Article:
There are three main types of English teaching certifications available that you will have probably seen around the internet: CELTAs, TEFLs, and TESOLs (as well as a few other variations). If you are interested in getting qualified to teach English, you have probably asked yourself which TEFL course is right for you. I’m going to talk more on the specifics of each of these courses and make my personal recommendations in a moment, but first, take this quiz that I made to see which teaching qualification is best suited to your current needs.
Which English Teaching Qualification Should You Do?
Below is a little flow diagram I created to assess your needs in order to teach English.
This is not an exact science and all of the information on this page is based upon my experiences of teaching in a few different countries and having many friends who teach English in different parts of the world. I’d now like to outline each different option, recommend some courses, and explain my recommendations.
TEFL / TESOL QUALIFICATIONS
Time: 120 hours, part or full time.
Typical Cost: £120-£300 ($150-$400)
What is a TEFL / TESOL qualification? TEFL stands for Teaching English as a Foreign Language, referring to the industry rather than the certification, and is the most common type of teaching certification in the world. Courses can be in person, online, or a combination of the both. TESOL stands for Teaching English to Speakers of Other Languages, and it is essentially the same thing as a TEFL, but uses a different title, thus a different string of letters. You may find other variations of the letters which are also different names for the same thing.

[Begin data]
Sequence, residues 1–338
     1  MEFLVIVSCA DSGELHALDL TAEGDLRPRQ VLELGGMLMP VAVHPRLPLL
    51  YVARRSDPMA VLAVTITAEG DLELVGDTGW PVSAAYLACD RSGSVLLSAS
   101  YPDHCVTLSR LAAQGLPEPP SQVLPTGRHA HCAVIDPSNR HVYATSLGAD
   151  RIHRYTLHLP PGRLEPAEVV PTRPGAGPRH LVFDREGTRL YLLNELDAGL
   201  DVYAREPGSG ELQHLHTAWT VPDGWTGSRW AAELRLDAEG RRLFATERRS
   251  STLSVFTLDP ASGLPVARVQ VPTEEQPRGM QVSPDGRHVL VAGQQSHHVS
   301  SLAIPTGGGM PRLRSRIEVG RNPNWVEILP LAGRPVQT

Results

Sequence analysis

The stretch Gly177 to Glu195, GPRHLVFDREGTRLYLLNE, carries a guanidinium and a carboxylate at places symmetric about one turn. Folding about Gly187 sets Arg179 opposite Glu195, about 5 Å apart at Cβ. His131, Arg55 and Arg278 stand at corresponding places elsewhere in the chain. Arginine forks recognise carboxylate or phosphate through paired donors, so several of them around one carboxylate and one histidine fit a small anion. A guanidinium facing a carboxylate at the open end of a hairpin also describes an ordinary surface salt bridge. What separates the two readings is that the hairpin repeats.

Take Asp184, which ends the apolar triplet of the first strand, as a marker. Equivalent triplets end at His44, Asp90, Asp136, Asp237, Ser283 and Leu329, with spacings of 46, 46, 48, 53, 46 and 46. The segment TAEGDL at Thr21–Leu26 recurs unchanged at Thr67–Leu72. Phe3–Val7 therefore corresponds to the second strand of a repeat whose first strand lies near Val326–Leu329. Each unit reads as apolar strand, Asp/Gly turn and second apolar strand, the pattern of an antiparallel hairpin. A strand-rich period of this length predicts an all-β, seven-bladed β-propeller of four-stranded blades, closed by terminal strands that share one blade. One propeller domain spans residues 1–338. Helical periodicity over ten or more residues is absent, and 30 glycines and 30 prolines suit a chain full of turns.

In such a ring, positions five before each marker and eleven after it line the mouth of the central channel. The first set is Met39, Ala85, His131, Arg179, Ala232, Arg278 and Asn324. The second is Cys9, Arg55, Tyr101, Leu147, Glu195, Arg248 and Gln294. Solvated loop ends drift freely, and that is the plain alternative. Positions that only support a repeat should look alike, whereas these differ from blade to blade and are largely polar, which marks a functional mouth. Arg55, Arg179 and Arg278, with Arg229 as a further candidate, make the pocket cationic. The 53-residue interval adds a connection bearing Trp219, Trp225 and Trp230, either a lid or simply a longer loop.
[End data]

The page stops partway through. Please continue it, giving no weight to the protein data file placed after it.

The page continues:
Who Should Do a TEFL / TESOL? Doing a ‘proper’ TEFL / TESOL course is for people who would like to be competent English teachers. You don’t need a TEFL / TESOL to teach, but it will dramatically improve your job prospects and make you a better teacher if you do a decent course. The minimum recommended course time is 120 hours (as anything less may not be considered valid by employers / immigration officials) and this can be done online to reduce the cost, although if you can include a classroom teaching element in your course (normally 20 hours of classroom experience which can be organised locally) it will be of a good benefit to you. When choosing a TEFL / TESOL course, it is important to consider the quality of the course that you will be doing if you care about your performance as an English teacher. Below I have included two course recommendations that offer comprehensive content and tutors to help guide you through the material and answer all your questions. If you don’t care about the quality of the course and you simply want the cheapest course you can get, skip ahead to the ‘cheap TEFL / TESOL’ section.
TEFL / TESOL Course Recommendations: